Gladys and Henry Bruen's marriage came to a dramatic conclusion after 26 years when she ran off with the Montenegran prince, Milo Petrovic-Njegos, and settled in Roundstone, Co. Galway. Rathvinden seems to have passed to the Whitely family about this time and was later home to Victor McCalmont.
From 1993 to 2006, Rathvinden was home to Douglas Gresham, the step-son of C. S. Lewis, and his wife Merrie, who ran it as 'a multi-faceted house ministry including hospitality to people in full-time ministry, counselling and evangelism'. After the Greshams moved to Malta, the house was converted by the Grahams into the first five-star guesthouse in Carlow. It was back on the market in 2016 with an asking price of €1.6 million.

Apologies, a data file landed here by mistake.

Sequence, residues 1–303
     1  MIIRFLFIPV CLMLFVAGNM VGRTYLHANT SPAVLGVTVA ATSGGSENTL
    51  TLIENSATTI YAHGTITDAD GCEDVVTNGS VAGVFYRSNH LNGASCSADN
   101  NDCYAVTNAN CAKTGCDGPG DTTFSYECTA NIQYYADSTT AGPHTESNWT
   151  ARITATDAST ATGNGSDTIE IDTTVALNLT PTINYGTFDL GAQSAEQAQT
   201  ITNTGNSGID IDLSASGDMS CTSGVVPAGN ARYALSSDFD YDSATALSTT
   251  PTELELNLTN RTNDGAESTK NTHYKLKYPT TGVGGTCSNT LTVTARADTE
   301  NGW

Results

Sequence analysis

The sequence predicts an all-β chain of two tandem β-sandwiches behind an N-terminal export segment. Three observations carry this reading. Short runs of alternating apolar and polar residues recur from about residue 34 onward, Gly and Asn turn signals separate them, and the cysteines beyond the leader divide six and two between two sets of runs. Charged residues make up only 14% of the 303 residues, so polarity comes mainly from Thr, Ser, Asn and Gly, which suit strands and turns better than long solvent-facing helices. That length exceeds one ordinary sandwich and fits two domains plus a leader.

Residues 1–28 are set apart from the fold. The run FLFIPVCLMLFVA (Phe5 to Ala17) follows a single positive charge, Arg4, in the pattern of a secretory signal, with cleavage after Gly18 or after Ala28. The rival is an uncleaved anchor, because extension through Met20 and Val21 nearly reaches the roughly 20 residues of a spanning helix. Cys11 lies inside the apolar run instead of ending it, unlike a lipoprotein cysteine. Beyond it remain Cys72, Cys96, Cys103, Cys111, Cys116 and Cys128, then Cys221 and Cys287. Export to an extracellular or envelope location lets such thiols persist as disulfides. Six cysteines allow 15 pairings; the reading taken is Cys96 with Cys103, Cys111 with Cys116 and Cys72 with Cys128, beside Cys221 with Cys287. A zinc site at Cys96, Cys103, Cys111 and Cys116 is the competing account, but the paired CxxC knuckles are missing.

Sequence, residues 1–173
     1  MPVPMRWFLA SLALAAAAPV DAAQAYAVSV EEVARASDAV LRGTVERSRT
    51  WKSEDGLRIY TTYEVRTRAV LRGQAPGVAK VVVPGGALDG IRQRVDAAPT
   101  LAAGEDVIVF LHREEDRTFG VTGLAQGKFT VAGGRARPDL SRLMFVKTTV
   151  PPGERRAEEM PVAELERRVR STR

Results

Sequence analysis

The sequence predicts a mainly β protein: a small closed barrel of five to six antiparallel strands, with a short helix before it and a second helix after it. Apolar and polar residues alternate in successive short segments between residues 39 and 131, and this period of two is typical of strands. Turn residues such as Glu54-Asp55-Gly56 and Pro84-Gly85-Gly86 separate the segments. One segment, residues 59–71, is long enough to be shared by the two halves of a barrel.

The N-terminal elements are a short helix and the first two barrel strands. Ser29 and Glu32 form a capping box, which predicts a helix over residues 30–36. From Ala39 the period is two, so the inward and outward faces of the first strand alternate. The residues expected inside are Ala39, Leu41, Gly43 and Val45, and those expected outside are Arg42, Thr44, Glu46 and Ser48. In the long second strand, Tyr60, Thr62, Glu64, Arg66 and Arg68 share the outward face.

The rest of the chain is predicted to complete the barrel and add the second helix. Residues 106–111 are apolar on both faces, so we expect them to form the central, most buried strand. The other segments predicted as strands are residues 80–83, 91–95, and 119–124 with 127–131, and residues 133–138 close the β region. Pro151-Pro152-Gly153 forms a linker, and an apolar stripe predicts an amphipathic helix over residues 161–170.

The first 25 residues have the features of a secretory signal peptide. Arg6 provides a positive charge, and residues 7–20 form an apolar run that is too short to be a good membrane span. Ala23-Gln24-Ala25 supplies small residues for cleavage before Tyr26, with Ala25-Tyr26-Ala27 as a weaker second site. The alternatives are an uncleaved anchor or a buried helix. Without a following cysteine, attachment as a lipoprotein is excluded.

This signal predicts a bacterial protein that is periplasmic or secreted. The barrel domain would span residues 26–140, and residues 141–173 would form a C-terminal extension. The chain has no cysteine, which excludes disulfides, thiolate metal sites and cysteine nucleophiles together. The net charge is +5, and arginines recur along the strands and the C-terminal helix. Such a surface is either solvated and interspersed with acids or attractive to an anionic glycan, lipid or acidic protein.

With thanks to Stanley Jenkins, Gerry McDermott (Ideal Med Ltd., Hooton), Frank King (formerly of Mount Irwin), Philip Lecane, Joe Gleeson, David Gibson, Sean Galvin, David and Mary Theroux & the Carlow Rootsweb.